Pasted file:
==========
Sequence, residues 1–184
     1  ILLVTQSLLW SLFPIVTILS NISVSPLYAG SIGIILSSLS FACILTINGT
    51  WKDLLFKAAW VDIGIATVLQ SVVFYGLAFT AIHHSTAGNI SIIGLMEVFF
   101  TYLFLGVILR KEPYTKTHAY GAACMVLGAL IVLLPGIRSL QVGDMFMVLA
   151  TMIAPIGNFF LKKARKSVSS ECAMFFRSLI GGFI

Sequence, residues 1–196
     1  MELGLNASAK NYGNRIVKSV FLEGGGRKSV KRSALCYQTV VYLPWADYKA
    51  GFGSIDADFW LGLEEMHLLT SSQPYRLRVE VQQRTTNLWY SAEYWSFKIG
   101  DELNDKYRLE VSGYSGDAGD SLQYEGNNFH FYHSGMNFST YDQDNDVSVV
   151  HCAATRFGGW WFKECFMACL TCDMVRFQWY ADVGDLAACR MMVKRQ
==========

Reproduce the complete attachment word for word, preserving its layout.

Sequence, residues 1–184
     1  ILLVTQSLLW SLFPIVTILS NISVSPLYAG SIGIILSSLS FACILTINGT
    51  WKDLLFKAAW VDIGIATVLQ SVVFYGLAFT AIHHSTAGNI SIIGLMEVFF
   101  TYLFLGVILR KEPYTKTHAY GAACMVLGAL IVLLPGIRSL QVGDMFMVLA
   151  TMIAPIGNFF LKKARKSVSS ECAMFFRSLI GGFI

Sequence, residues 1–196
     1  MELGLNASAK NYGNRIVKSV FLEGGGRKSV KRSALCYQTV VYLPWADYKA
    51  GFGSIDADFW LGLEEMHLLT SSQPYRLRVE VQQRTTNLWY SAEYWSFKIG
   101  DELNDKYRLE VSGYSGDAGD SLQYEGNNFH FYHSGMNFST YDQDNDVSVV
   151  HCAATRFGGW WFKECFMACL TCDMVRFQWY ADVGDLAACR MMVKRQ